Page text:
0

I have two linux servers with two NICs each and two unmanaged switches. This is my preferred design:

Server A - eth0 -> Switch 1
Server A - eth1 -> Switch 2

Server B - eth0 -> Switch 1
Server B - eth1 -> Switch 2

Because I want clustering and high availability, I need to understand that if I use active-backup mode of bonding/teaming and Server-A eth0 goes down, will I still be able to communicate with my second server?

I believe that Server-A eth1 (which is on Switch 2) will assume an active role when eth0 (on Switch 1) goes down, but how it will communicate with Server-B which has eth0 in active mode and eth1 in backup?

Do I need any special approach like some kind of link aggregation b/w two switches?

3
  • 1
    Welcome Jaz .. your best bet is to start from what performance you want against a list of risks (broken cable, fuses on switch PSU, NIC crash, etc) and the required recovery times. Then you can figure out how to implement, with a list of tests to perform. There is no substitute for testing. Is there a reason you don't have STP links between the switches, or are they simply omitted from the description?
    – jonathanjo
    Oct 17 '18 at 12:33
  • Those are just two independent unmanaged switches.
    – Jaz
    Oct 17 '18 at 18:09
  • Did any answer help you? If so, you should accept the answer so that the question doesn't keep popping up forever, looking for an answer. Alternatively, you can provide and accept your own answer.
    – Ron Maupin
    Dec 25 '18 at 9:43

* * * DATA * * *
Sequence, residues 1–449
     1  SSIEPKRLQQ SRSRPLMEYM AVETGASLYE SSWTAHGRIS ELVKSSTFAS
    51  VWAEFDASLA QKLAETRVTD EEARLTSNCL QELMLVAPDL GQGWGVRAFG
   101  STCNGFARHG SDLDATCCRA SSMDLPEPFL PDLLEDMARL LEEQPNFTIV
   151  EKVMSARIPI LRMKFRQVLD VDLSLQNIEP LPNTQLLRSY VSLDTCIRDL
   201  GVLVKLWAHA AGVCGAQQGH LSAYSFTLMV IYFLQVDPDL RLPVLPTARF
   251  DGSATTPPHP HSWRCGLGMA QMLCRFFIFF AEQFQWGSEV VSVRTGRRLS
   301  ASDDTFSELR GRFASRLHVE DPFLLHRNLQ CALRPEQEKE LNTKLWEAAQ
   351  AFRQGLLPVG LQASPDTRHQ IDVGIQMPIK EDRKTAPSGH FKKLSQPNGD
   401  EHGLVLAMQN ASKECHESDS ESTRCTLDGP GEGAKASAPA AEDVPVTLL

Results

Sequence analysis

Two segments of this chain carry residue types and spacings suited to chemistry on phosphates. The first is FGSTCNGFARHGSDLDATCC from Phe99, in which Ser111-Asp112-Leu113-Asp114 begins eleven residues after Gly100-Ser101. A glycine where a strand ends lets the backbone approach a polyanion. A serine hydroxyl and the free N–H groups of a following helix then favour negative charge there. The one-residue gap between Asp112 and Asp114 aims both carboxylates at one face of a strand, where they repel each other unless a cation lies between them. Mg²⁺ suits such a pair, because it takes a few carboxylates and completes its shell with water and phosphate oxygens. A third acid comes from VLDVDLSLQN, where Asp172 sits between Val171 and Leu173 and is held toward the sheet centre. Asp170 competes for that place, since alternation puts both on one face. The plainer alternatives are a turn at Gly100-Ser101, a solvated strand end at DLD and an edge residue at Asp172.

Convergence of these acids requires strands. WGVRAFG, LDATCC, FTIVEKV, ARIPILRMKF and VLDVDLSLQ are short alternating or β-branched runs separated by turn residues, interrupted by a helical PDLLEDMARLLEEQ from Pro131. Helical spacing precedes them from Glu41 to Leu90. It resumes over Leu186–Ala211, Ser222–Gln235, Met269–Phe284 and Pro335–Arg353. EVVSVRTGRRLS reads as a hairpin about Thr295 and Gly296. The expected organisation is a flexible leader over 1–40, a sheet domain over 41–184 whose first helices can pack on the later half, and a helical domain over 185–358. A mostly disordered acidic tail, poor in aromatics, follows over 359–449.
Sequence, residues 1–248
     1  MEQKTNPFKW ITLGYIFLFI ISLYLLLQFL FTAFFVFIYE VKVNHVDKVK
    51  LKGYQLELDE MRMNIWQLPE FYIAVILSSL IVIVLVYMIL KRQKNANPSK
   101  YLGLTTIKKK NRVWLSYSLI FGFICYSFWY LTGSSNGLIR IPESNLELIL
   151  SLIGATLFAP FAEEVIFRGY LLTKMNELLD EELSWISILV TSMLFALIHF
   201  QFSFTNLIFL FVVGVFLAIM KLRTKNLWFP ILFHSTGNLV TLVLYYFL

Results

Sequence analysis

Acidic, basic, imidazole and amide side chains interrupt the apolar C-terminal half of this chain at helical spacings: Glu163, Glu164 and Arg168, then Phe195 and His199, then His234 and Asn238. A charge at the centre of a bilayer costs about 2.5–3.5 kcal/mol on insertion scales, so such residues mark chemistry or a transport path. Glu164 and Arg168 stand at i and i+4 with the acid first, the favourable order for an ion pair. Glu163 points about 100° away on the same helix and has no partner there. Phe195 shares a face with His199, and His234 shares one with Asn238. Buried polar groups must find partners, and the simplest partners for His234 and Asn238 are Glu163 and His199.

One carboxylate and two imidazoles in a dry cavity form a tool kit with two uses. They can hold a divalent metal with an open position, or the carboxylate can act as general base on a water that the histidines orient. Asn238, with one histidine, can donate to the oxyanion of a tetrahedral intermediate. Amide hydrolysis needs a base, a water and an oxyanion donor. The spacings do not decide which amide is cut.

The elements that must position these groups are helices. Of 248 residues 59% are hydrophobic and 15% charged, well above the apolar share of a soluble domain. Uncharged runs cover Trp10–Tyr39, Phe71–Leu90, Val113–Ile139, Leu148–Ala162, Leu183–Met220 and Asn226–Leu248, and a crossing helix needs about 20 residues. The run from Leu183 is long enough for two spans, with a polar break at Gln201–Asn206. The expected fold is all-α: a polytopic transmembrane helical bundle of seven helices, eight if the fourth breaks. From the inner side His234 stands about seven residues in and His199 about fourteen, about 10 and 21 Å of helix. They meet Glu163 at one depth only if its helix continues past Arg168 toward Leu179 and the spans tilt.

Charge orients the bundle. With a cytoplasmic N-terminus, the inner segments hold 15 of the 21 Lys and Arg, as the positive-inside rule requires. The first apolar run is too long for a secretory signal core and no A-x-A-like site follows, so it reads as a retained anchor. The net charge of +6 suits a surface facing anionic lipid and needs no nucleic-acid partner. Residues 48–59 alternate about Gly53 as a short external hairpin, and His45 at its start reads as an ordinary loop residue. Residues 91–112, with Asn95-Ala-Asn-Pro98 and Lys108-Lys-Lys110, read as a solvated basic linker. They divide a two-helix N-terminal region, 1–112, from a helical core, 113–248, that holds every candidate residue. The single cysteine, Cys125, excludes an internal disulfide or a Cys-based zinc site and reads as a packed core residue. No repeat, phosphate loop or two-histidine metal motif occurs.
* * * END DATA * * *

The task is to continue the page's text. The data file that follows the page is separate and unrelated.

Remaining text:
2

With unmanaged switches you'll want to configure active-passive failover in NIC bonding. An active-active setup with round-robin or the like will mess up the switches' MAC tables.

Note that you've not built a cluster yet. You've got redundant links between the servers but there's no clustered service to anywhere else. If you connect your firewall to both switches then you may have a cluster.

Depending on failover mode on the firewall you can either

  • use L2 failover in a single segment/subnet - this requires an interconnect between the switches and a firewall port group without bridging; cannot (easily) provide host failover, only NICs and switches
  • use L3 failover in two distinct segments/subnets - this requires dynamic port forwarding (destination mapping/DNAT) depending on the host status; can also provide host failover
  • use a mixture of both: virtual IP addresses on the hosts with a IP-to-MAC mapping updated by a monitoring service - same requirements as the L2 setup; can provide host failover
4
  • I will be using pacemaker corosync for high availability. Do i really need firewall? I only want if eth0 goes down, then i should be able to communicate with other server with bonded NIC. I just don't understand how server-A eth1 will communicate with server-B?
    – Jaz
    Oct 17 '18 at 18:07
  • The "firewall" can also be a load balancer, of course. Currently, the servers can communicate across each switch (you're mostly in the "use L3 failover" scenario). In case of a NIC/link failure you'd need some concept still.
    – Zac67
    Oct 17 '18 at 18:13
  • I am still not getting a clear picture. 😦😯 what more logic do i need to put to make it work?
    – Jaz
    Oct 17 '18 at 18:25
  • If the Server1/eth0 link fails, Server2 will still try to talk to it through its eth0 and needs to fall back to eth1 - you're working with two separate segments/subnets as of your diagram.
    – Zac67
    Oct 17 '18 at 19:10

Your Answer

By clicking “Post Your Answer”, you agree to our terms of service, privacy policy and cookie policy

Not the answer you're looking for? Browse other questions tagged or ask your own question.